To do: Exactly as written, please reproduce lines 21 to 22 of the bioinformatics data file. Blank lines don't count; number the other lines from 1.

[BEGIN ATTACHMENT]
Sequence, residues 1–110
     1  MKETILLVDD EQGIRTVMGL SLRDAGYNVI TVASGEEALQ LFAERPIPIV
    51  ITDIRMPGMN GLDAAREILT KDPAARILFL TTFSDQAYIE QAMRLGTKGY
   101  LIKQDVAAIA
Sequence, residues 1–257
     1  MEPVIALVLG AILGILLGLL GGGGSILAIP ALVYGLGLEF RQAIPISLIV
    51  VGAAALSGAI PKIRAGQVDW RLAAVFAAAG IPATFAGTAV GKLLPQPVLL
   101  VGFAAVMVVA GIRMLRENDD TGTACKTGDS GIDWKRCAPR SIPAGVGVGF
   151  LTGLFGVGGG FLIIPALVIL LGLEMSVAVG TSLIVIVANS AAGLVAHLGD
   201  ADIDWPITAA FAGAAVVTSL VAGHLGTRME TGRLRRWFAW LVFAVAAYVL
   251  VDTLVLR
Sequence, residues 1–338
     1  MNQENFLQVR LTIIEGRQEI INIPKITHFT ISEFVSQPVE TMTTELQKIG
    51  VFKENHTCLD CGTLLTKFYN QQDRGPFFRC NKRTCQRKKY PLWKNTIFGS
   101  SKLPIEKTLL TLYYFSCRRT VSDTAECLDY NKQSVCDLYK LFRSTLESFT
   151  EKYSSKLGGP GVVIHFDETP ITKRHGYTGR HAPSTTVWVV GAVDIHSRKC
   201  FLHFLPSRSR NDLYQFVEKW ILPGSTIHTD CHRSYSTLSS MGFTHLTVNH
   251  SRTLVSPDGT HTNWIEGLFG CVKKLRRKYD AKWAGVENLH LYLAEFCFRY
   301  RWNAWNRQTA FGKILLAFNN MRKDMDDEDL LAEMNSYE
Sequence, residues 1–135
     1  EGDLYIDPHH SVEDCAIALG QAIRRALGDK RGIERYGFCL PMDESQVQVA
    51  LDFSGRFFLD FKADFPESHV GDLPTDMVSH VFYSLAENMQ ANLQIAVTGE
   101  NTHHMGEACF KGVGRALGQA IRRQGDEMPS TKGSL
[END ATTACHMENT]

     1  EGDLYIDPHH SVEDCAIALG QAIRRALGDK RGIERYGFCL PMDESQVQVA
    51  LDFSGRFFLD FKADFPESHV GDLPTDMVSH VFYSLAENMQ ANLQIAVTGE